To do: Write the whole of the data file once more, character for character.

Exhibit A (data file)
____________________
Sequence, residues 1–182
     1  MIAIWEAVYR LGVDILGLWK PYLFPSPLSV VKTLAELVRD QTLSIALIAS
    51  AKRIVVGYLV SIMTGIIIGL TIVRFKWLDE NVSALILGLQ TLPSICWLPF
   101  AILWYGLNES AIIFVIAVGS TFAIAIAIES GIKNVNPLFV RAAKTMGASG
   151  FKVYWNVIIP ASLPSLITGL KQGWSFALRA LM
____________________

Sequence, residues 1–182
     1  MIAIWEAVYR LGVDILGLWK PYLFPSPLSV VKTLAELVRD QTLSIALIAS
    51  AKRIVVGYLV SIMTGIIIGL TIVRFKWLDE NVSALILGLQ TLPSICWLPF
   101  AILWYGLNES AIIFVIAVGS TFAIAIAIES GIKNVNPLFV RAAKTMGASG
   151  FKVYWNVIIP ASLPSLITGL KQGWSFALRA LM